Add metadata to the exported markdown files

The current export features: Export as Markdown file and Export as ZIP, both create Markdown files that lack crucial metadata. This makes the files useless if we ever need to re-import our notes into a fresh account, or (perish the thought) another piece of software.

What’s missing?

  1. Notecard UUID
  2. Parent UUID(s)
  3. Tags
  4. Icons

Rest assured, I’m not asking for this feature because I’m thinking of abandoning the Supernotes ship! Quite the opposite - for me, Supernotes is lightyears ahead of the competition on the vast majority of features I care about, and I suspect it’s going to pull even further ahead when 1.9 releases! :slightly_smiling_face:

It’s rather because having a complete and robust import/export feature extinguishes the main complaint that most people have about keeping their notes in a proprietary and cloud-based service, namely the lack of ownership of their knowledge. When Supernotes can export your entire notes graph into files that look essentially the same as someone’s Obsidian or Logseq markdown files, then it’s impossible to be worried about the sovereignty of your knowledge. Then it’s just about picking the best tool to work on your notes - and we all know that’s Supernotes! :sunglasses:

One step ahead of you! In the upcoming version we’ve added a JSON export option which is a dump of exactly how Supernotes cards are represented internally.

Technically you can already do this via the API, but we realize that’s not very approachable to most users which is why we’re adding this option directly to the export interface.

Admittedly this won’t result in a files that are perfect for importation into [insert other app here], but unfortunately there are a bit too many clients to support at this point, so we’ll give you 100% of the data as it is but leave users to do a bit of post-processing on their own.

Oh, nice! That sounds even better than my idea. Can’t wait to try it! :sunglasses:

@connor When this feature will be released?

We will be releasing this feature in the next update!

If I may be so bold: JSON is not an export format that the typical non-IT user can do anything with. While it’s nice to have it, I don’t think it will be sufficient to change the minds of people who want to own their data.

You say there are too many formats to export to. I disagree. There’s a de facto emerging standard in the PKM community which is GitHub Flavored Markdown + wiki links and pipe links. A complete export to that format would give you immediate interoperability with Obsidian, Logseq, 1writer, Taio, Craft, etc., etc.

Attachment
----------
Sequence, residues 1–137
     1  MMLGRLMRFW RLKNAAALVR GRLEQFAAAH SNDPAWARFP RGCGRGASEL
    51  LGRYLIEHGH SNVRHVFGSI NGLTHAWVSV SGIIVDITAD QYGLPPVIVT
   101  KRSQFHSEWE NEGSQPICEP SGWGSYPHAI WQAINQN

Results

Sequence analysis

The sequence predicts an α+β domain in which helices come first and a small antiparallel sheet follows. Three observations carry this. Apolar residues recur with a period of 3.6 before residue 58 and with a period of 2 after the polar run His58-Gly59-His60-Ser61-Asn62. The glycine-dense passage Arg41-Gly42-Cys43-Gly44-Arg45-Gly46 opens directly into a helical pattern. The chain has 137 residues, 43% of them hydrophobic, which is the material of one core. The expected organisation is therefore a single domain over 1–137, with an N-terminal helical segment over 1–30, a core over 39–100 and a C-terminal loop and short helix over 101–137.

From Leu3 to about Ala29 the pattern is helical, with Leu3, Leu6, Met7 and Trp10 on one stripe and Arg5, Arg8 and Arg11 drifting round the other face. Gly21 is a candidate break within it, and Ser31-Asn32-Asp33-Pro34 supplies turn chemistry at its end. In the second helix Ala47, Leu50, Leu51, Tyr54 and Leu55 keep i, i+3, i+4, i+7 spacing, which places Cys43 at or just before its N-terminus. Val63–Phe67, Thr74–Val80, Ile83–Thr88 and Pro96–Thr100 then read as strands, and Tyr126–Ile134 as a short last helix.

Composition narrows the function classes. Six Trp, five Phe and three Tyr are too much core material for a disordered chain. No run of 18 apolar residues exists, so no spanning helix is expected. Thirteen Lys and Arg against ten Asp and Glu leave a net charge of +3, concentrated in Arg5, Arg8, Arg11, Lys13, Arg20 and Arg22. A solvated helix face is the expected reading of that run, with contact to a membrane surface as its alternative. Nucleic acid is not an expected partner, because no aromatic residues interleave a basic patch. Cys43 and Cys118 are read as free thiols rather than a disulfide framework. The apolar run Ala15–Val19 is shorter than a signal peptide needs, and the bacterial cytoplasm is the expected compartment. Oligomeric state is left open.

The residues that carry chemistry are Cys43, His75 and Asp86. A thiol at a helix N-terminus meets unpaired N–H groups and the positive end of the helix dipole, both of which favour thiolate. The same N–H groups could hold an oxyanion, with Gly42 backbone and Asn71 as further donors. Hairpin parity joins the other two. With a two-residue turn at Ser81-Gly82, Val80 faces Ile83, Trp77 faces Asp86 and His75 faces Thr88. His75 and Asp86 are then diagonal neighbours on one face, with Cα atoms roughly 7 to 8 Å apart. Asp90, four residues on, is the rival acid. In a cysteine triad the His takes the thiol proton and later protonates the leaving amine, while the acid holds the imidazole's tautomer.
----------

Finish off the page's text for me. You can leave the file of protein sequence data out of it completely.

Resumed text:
From my testing of the Markdown export, embracing wiki links is the one thing you should focus on. Preserving the Supernotes links with Supernotes UUIDs is not very functional.

The other is probably parent notes relationships which could also be done via wiki links.

(And yes, I’m one of those people who care about data ownership and decided against using SN for real despite falling in love with it).

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Hi @gestaltist, thanks for your feedback. We have some improvements in the pipeline to our markdown format and by extension the robustness of our export options.

Unfortunately pure wiki-links are not possible on Supernotes, as Supernotes card titles are not guaranteed to be unique (for a variety of reasons).

You could export with UUIDs as note titles and use titles in pipe links so I wouldn’t say impossible. But I get your point.

I like having the JSON export as a failsafe (if you have all the information there is, nothing can be missing…), but it’s possible to make markdown export more robust by including a YAML frontmatter in the markdown files. That could have the UUIDs, titles, tags, creation date, modification date, etc. Really like a stripped-down, focused version of the JSON export that won’t get in the way of any markdown reader while providing the most critical information, too.

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Another important part missing is that links to other cards export as supernotes links instead of markdown links to the file exported. This means that the most valuable part (the connections between cards) isn’t actually preserved.